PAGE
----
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Conservation | 31/05/2023

Andrea del Sarto's masterpiece "Pietà di Luco" back in Pitti Palace

Andrea del Sarto's masterpiece "Pietà di Luco" back in Pitti Palace

After a masterful restoration carried out by the Opificio delle Pietre Dure

The dazzling colours of the "Pietà di Luco" return to shine in the Sala di Apollo of the Palatina Gallery after the restoration carried out by the Opificio delle Pietre Dure, Florence. This masterpiece by Andrea del Sarto was executed between 1523 and 1524. It has been relocated to its place within the mid-17th-century Baroque frame that Grand Prince Ferdinando chose for it. The work owes its name to the Camaldolese monastery of San Pietro in Luco del Mugello, where the painter worked for the nuns. According to Giorgio Vasari, the altarpiece was commissioned by the abbess of the monastery, the Florentine noblewoman Caterina di Tedaldo della Casa.

In the imposing composition, the figures crowd around the livid body of Christ. In front of him chalice and paten are placed, alluding to the Eucharist, a highly symbolic invention as well as an iconographic novelty that was welcomed especially by the painters of the 16th-century Counter-Reformation. Saints Peter and Paul completed the mourning scene, like in the "Pietà" painted a few years earlier by Fra' Bartolomeo, on display in the nearby Jupiter Room.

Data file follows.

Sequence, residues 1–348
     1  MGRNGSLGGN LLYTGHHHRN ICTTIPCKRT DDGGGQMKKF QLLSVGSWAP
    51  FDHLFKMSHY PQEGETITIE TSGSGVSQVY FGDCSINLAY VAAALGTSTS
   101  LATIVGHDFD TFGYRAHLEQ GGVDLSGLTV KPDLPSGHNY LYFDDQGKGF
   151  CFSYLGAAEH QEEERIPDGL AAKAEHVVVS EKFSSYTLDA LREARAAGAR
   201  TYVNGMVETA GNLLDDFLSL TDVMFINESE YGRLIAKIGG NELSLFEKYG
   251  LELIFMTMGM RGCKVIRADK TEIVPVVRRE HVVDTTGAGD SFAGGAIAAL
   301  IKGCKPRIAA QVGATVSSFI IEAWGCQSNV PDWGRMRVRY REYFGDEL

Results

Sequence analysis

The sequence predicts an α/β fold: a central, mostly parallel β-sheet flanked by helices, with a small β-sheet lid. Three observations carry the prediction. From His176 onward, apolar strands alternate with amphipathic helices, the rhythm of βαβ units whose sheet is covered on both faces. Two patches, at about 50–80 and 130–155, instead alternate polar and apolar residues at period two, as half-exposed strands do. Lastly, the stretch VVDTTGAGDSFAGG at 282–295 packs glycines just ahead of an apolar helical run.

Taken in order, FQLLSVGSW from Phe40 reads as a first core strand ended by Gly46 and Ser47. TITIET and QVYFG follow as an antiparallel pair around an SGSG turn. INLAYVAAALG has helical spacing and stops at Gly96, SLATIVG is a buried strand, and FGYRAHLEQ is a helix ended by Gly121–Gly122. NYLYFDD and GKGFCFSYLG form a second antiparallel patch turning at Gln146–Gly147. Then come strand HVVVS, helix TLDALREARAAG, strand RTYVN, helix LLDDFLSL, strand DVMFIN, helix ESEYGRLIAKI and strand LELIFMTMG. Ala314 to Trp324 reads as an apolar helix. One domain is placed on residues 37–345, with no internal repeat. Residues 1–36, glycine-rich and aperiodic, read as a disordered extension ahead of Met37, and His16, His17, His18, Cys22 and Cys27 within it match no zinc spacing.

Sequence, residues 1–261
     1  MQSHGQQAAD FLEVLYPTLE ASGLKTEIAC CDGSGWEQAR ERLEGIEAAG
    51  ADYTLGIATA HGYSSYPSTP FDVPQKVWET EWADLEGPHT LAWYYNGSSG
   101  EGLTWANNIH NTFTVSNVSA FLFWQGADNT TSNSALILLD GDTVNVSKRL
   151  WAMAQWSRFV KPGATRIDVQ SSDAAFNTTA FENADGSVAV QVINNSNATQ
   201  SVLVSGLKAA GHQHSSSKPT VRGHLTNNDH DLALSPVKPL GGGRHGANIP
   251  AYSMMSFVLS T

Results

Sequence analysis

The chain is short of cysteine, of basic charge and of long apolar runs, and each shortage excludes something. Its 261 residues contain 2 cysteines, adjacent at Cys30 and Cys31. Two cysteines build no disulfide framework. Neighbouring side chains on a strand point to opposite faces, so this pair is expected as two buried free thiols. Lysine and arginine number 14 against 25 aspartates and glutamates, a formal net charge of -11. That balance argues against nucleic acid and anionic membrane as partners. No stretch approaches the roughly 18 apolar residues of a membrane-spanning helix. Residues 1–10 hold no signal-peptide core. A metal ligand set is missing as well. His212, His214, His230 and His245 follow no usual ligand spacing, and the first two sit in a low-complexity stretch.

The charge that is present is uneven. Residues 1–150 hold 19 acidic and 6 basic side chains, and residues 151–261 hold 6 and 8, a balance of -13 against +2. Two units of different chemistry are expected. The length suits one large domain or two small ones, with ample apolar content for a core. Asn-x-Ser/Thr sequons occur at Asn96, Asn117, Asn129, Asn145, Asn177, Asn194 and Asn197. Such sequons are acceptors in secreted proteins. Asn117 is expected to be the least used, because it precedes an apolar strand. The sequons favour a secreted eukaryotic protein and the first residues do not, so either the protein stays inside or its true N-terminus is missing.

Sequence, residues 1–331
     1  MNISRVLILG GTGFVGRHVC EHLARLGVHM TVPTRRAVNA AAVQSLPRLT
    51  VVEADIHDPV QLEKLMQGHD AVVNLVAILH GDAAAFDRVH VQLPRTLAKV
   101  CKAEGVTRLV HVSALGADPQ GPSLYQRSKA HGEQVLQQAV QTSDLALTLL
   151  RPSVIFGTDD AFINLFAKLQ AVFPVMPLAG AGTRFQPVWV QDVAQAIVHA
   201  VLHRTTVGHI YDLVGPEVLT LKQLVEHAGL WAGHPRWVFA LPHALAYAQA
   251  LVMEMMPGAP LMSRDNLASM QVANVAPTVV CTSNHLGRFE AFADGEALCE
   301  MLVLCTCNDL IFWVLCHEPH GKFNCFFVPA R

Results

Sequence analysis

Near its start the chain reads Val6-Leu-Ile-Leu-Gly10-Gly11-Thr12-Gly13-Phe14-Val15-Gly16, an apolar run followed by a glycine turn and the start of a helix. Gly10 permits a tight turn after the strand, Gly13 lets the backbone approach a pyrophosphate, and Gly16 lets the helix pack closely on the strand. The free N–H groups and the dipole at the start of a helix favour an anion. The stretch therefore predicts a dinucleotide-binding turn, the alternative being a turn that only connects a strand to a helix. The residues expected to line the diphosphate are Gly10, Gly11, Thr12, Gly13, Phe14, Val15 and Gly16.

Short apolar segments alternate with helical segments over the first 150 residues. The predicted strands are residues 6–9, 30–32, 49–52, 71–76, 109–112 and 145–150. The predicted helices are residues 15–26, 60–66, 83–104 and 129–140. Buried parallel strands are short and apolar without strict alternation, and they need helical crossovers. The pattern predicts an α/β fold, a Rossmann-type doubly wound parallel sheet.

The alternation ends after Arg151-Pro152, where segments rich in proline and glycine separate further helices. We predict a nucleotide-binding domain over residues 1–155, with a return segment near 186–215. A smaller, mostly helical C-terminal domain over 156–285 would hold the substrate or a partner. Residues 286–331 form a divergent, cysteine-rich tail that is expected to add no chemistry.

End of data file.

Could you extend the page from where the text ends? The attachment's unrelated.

The work arrived in Florence in 1782 when Grand Duke of Tuscany Peter Leopold bought it from the Monastery and displayed it in the Uffizi Tribune. Peter Leopold commissioned from painter Santi Pacini a faithful copy of this painting, which was placed within the original frame and located on the altar in Luco. In 1795, the director of the Gallery, Tommaso Puccini, sent it to Pitti Palace, in the Palatine Gallery, exchanging it with the "Madonna of the Harpies" by the same author, now at the Uffizi. This is how Puccini warranted his choice: "the Pietà is a flamboyant, imposing painting, extremely refined, and the paintings in Pitti Palace are expected to unveal their beauty even to the eyes of the less fine connoisseur." Transferred to Paris in 1799 by Napoleon's troops, the great altarpiece returned to Florence in 1815.

The Uffizi Drawings and Prints Department preserves a sketch of the work (inv. 642E), very close to the final idea, and a stunning preparatory sheet executed for Magdalene's head in red stone (inv. 644E).

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